A special project that is only now reaching installation completion has been the revoicing and restoration of 7 reed stops for the 1875 Hill grand organ, transplanted and restored over 15 years under the auspices of OHTA at Tanunda Regional Gallery in the Barossa region of South Australia. This organ built originally for Adelaide Town Hall was the focus of last year’s OHTA conference in October unfortunately without the reeds. Now that they are installed, excitement is building to hear the astonishing results, so watch for an announcement.

In September I am planning to represent SIOC at the biennial Congress of the International Society of Organ Builders in Transylvania (Romania). I will be accompanied by our senior apprentice Joshua Anderson who will make good use of his recently awarded Neil Stocker Memorial scholarship for the purpose. Joshua has made an excellent recovery from his earthquake injuries and I expect will complete his apprenticeship with distinction this year.

Our major project completed for All Saints Day last year was restoring and rebuilding the 3/39 1872 Bevington / 1888 Jenkins / 1896 Fincham & Hobday organ of St Michael and All Angels Anglican Church Christchurch. This elegant 19th Century timber gothic church on the corner of Oxford Terrace and Durham St remained open for worship throughout the devastating earthquakes of 2010-11 and utilised our “Blitz” organ for services during the restoration. Earthquake damage to the Church and organ brought the need for this work to a head though proposals were already on the table. Our vision to clarify and restore the heritage of this instrument incorporating judicious additions and a mobile terraced drawstop console with digital transmission has been a fascinating and rewarding challenge.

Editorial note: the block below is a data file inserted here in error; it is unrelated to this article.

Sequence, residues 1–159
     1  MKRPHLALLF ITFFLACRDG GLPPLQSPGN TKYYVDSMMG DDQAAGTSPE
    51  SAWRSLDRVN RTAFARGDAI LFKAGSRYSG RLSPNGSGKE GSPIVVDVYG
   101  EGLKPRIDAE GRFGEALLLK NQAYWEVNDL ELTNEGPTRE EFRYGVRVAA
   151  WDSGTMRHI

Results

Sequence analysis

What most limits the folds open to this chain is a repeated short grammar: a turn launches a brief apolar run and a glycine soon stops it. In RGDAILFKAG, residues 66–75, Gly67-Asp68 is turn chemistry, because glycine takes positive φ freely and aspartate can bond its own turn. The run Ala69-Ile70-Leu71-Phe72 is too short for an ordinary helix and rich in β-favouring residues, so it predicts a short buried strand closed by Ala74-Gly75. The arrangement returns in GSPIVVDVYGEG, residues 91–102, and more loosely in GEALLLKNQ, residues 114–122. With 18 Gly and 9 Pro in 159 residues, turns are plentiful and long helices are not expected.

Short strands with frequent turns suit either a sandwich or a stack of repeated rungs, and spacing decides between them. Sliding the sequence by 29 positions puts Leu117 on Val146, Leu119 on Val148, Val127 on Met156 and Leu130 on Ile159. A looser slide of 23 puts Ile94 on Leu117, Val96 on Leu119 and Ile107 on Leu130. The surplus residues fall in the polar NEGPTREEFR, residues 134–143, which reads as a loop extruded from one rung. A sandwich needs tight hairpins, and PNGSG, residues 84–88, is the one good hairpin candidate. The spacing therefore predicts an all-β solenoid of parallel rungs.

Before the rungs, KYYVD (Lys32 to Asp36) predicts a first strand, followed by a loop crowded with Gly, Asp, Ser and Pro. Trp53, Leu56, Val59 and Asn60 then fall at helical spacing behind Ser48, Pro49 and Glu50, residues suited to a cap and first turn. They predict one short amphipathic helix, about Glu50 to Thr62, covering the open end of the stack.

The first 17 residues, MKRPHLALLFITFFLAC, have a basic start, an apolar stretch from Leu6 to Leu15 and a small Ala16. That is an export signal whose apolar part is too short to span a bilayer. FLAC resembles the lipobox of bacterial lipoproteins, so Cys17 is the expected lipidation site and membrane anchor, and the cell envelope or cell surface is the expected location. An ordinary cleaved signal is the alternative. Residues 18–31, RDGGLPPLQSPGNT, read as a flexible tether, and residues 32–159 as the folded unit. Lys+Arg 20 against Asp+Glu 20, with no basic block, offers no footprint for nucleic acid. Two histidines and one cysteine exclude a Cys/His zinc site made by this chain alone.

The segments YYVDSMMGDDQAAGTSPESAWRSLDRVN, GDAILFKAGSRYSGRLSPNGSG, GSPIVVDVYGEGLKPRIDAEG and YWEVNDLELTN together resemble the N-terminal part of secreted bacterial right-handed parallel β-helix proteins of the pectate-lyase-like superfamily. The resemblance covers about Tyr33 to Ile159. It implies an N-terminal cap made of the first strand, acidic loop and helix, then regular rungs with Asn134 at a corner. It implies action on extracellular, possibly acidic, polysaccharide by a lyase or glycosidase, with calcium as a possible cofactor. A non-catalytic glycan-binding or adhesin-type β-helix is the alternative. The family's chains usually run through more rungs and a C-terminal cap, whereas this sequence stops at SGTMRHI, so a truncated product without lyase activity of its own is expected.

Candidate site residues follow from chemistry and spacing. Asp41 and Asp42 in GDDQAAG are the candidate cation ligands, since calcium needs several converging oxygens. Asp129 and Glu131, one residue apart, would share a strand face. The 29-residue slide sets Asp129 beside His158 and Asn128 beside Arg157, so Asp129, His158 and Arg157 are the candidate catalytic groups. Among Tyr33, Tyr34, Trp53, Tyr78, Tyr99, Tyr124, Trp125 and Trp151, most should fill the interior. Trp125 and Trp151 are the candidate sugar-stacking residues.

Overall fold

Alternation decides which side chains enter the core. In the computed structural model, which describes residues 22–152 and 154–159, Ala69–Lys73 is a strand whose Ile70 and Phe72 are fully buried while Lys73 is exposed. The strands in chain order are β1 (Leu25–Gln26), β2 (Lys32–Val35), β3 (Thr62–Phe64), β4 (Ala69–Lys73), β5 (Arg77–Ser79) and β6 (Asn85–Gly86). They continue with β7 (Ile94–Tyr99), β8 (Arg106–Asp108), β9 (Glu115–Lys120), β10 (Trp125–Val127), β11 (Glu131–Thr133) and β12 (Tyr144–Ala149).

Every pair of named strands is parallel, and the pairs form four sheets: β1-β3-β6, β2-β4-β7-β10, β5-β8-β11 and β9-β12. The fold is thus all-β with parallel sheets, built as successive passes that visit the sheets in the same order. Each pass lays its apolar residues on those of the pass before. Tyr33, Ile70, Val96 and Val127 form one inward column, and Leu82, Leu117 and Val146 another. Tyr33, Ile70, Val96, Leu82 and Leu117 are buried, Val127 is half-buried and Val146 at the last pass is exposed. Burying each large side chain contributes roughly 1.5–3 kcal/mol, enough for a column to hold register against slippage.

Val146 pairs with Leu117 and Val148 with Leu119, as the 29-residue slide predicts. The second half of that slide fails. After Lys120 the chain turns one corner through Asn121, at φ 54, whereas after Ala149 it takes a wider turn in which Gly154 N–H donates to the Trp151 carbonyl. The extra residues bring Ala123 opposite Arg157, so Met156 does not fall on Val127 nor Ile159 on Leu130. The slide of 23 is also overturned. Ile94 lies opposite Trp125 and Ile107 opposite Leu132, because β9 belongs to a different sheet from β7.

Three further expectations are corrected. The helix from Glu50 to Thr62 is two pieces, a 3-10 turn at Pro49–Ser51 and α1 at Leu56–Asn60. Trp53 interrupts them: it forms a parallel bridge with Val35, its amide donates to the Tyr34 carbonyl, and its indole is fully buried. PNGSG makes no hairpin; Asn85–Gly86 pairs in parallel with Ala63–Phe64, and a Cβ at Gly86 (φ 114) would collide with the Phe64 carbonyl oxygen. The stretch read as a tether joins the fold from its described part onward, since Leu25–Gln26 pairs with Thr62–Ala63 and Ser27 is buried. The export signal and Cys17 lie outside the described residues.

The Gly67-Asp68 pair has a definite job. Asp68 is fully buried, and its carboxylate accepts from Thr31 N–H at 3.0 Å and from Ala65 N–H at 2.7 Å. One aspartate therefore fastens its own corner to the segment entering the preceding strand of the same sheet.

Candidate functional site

Jeremy Woodside returned from UK to play the afternoon opening recital to a packed house with great panache, and was rewarded with a standing ovation. This was followed by a memorable choral evensong that DOM Paul Ellis and the choir beautifully presented. The organ came through what can be a trying day for the organbuilder with flying colours, proving its musical worth in sight and sound.

A special project for this year now nearing completion in the factory is rebuilding the 3/31 1900 Jenkins / 1914 Pearce / 1987 SIOC organ of Knox Presbyterian Church Christchurch after both church and organ were badly damaged in the 2010-11 earthquakes. The new Church on the site retains the footprint and roof structure of the old with new concrete, glass and timber walls and floor. We have reconstructed the original organ case, electrified with (digital transmission) and modestly enlarged the pneumatic organ and mobilised the adapted 1914 console in accord with the Church’s stated mission plan to provide a flexible concert space in the inner city. A challenging building construction is nearing closure of the walls and should be completed before the year’s end.

Another special project is the removal, restoration and reinstallation of the 4/57 1906 Norman & Beard concert organ in Wellington Town Hall that we embarked on in November 2013 with a 5 week programme for 8 men plus scaffolders and riggers and the latest in crane technology, a 3 tonne spider crane. This project which is fundamentally about strengthening the building to 100% EQ code by base isolation is currently on hold for 6 months while budget issues are addressed.

This organ is arguably New Zealand’s most significant heritage instrument and will be restored without any change to its original form. Assuming that we receive confirmation of the next stage in June as expected, the work should be completed in 2016.